StayTuned

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4 Responses to “Reality check….”

  1. Amythest August 3, 2013 at 5:06 pm #

    The community of autistic self-advocates and activists largely detest ABA in both its original and currently practiced form. Because, the thing is, no matter how educated you are, you were educated by a system created by neurotypicals, that is based upon the observation of autistics by neurotypicals, and that is regulated by neurotypicals.

    It’s great that you want to help people, but the only true experts on Autism are autistics, and I’ve yet to meet an Autistic person who supports ABA. It’s not just the parents of autistics you’re trying to “prove wrong”, it’s autistic individuals themselves. You’re claiming to know what’s best for autistics better than autistics. And that, quite frankly, is ridiculous.

    Here is a post by an autistic person on why ABA, complience training, and the practice of stripping autistics of their autonomy and self worth: crhttp://unstrangemind.wordpress.com/2013/01/27/no-you-dont/
    That post is a starting place, but I highly reccomend that you look into the writings of actual autistic people, those who have been through ABA and those who have not, before you consider yourself an expert on the subject.

    • angelina258 August 4, 2013 at 11:30 am #

      Hi Amythest, thanks for writing me. I have found on Tumblr in particular that those with autism have extremely negative feelings towards ABA. I’m assuming that is where you found my post. I’ve never claimed to know what’s better for autistics than autistics themselves. I have also never claimed to be an expert on autism…I only consider myself well-educated in the science of ABA. What I do know is how the principles of behavior apply to ALL people, and how they can be used to teach people how to get their needs met and how to navigate their environment. I read the post you linked…awful. Tragic. I don’t really have words to say. Like with any field, there are good and bad practitioners. Teaching my clients to say “no” and to refuse things they don’t want is one of the first goals we work on. I plan to expand on this concept of refusal language in a later post. Hope you’ll check back soon.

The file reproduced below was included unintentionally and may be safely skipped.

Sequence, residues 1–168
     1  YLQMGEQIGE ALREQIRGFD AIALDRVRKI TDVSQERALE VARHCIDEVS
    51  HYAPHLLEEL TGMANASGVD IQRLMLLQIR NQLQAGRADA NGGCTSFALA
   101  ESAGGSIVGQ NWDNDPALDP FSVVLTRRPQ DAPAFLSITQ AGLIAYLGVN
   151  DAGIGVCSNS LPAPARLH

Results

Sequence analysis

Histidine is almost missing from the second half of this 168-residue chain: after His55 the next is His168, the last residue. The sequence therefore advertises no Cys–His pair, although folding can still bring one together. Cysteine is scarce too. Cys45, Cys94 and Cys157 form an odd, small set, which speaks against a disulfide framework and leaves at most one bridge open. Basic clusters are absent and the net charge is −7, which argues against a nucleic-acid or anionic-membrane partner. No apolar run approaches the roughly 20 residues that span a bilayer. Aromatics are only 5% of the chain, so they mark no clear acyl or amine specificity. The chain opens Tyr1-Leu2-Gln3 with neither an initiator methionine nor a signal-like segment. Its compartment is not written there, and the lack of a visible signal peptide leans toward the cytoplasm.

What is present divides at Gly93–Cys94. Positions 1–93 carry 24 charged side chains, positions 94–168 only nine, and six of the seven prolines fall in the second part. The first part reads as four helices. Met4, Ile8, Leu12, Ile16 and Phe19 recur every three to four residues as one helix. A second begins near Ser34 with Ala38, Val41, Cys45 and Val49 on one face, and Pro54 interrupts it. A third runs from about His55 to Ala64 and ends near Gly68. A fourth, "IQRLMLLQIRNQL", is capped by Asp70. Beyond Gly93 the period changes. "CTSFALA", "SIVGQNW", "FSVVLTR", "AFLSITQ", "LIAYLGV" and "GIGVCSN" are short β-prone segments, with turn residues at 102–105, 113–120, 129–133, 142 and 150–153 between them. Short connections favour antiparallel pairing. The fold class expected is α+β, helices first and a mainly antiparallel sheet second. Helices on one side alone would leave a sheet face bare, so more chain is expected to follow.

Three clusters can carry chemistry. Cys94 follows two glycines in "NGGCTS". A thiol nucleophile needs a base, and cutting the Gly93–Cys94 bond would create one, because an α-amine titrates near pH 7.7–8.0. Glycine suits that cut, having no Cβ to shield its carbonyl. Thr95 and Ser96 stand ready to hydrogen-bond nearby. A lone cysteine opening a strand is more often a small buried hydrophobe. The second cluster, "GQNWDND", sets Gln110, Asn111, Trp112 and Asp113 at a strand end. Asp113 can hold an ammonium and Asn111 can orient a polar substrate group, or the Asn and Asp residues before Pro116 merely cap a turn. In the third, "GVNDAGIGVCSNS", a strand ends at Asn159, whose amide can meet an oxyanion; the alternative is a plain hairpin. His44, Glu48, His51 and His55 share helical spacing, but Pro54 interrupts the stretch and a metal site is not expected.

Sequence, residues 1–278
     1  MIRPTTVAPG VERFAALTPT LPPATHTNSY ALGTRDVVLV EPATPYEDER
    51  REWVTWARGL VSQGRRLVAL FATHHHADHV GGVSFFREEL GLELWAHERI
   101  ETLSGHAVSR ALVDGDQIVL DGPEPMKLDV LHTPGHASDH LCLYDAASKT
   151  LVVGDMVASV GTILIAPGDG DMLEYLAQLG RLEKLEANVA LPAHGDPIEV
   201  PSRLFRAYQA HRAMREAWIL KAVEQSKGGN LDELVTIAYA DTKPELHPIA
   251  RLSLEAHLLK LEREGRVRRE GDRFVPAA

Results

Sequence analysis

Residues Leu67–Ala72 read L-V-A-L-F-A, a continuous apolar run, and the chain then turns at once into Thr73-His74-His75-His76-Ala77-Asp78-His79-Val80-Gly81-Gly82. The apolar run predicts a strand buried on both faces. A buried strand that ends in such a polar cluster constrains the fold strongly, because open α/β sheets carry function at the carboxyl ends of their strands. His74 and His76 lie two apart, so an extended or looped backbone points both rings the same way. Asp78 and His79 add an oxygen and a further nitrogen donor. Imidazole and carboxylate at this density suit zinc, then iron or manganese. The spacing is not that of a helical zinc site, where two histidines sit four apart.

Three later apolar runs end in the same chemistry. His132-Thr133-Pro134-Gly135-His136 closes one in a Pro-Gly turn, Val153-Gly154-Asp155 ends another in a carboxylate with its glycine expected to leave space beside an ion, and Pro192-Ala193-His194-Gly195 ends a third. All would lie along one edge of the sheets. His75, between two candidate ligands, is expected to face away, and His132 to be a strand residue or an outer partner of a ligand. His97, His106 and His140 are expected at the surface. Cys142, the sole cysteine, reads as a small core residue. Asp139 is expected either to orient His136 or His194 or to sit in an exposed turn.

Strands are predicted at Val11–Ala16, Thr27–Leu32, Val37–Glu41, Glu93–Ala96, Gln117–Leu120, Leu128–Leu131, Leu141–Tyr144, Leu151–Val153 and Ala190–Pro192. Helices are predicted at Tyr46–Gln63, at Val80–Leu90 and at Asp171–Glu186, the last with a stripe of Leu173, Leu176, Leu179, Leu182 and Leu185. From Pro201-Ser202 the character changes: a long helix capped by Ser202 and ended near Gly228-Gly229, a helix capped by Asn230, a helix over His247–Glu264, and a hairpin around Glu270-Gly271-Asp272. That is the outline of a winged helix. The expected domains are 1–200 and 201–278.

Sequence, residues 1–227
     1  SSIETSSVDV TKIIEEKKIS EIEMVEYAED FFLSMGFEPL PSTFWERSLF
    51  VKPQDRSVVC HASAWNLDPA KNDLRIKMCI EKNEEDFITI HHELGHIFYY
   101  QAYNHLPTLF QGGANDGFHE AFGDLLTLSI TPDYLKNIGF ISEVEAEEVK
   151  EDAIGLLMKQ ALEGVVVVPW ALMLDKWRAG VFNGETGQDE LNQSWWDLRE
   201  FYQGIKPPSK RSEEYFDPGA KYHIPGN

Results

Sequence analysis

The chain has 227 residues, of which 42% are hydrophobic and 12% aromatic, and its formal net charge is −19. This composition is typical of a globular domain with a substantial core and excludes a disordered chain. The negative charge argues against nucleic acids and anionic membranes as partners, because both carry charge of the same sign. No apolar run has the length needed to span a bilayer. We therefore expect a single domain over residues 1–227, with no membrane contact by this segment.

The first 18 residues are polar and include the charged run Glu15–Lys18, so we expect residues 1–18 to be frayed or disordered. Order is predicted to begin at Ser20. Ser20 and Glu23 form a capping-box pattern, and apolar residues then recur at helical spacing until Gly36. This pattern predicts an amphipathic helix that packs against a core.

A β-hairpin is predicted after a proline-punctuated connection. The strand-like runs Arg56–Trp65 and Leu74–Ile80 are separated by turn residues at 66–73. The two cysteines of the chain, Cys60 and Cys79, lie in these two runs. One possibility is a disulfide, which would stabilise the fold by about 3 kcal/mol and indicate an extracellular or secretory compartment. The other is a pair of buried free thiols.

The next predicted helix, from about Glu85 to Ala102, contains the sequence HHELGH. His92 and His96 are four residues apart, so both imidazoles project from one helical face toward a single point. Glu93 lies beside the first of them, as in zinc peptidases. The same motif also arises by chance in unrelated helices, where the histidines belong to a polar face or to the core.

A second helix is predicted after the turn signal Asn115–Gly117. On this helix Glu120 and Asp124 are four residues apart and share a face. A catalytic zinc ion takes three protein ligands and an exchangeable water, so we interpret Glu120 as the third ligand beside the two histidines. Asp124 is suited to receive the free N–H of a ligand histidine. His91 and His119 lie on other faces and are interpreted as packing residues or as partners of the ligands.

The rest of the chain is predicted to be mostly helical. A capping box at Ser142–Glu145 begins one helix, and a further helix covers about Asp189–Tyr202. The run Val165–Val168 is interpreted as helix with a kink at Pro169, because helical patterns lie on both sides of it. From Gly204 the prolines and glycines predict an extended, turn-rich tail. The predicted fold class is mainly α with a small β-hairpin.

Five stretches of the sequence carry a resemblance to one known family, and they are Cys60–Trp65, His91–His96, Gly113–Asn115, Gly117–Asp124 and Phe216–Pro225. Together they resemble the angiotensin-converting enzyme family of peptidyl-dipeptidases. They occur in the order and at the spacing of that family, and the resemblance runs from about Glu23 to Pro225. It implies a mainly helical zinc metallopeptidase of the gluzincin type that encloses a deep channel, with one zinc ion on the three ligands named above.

2. Cynthia August 5, 2013 at 7:35 am #

    As the parent of an 11 year old with ASD 4 years ago we did intensive ABA (DTT) therapy, my mother in law commented they are breaking his spirit! I did not it that way, my kid needed to learn how to sit, how to be quiet, how to do schoolwork without that intensive therapy it would not have been possible. I heard one person say it is the dog & bone approach! WHAT EVER you want to call it it helped our son tremendously!! We have a BCBA that spends 2 hours a week with us and helps me with problematic behaviors!! I am a fan of ABA!!

    • Lulu August 5, 2013 at 8:08 am #

      Is your child a fan?